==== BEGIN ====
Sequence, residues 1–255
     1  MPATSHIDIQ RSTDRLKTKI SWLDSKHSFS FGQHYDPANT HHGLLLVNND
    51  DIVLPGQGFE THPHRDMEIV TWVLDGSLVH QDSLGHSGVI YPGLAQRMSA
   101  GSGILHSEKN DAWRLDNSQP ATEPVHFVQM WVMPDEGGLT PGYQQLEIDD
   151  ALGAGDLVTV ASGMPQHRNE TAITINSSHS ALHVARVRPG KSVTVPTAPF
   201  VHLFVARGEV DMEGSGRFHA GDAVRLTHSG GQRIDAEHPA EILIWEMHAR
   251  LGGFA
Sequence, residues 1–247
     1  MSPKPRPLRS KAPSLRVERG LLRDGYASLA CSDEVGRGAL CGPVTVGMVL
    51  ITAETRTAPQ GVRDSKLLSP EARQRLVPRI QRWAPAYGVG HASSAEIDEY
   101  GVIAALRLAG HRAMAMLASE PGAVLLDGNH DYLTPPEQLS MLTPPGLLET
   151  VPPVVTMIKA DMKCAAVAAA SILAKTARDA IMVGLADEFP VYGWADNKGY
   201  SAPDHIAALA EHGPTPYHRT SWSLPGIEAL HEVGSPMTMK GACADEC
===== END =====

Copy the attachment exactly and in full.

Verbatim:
Sequence, residues 1–255
     1  MPATSHIDIQ RSTDRLKTKI SWLDSKHSFS FGQHYDPANT HHGLLLVNND
    51  DIVLPGQGFE THPHRDMEIV TWVLDGSLVH QDSLGHSGVI YPGLAQRMSA
   101  GSGILHSEKN DAWRLDNSQP ATEPVHFVQM WVMPDEGGLT PGYQQLEIDD
   151  ALGAGDLVTV ASGMPQHRNE TAITINSSHS ALHVARVRPG KSVTVPTAPF
   201  VHLFVARGEV DMEGSGRFHA GDAVRLTHSG GQRIDAEHPA EILIWEMHAR
   251  LGGFA
Sequence, residues 1–247
     1  MSPKPRPLRS KAPSLRVERG LLRDGYASLA CSDEVGRGAL CGPVTVGMVL
    51  ITAETRTAPQ GVRDSKLLSP EARQRLVPRI QRWAPAYGVG HASSAEIDEY
   101  GVIAALRLAG HRAMAMLASE PGAVLLDGNH DYLTPPEQLS MLTPPGLLET
   151  VPPVVTMIKA DMKCAAVAAA SILAKTARDA IMVGLADEFP VYGWADNKGY
   201  SAPDHIAALA EHGPTPYHRT SWSLPGIEAL HEVGSPMTMK GACADEC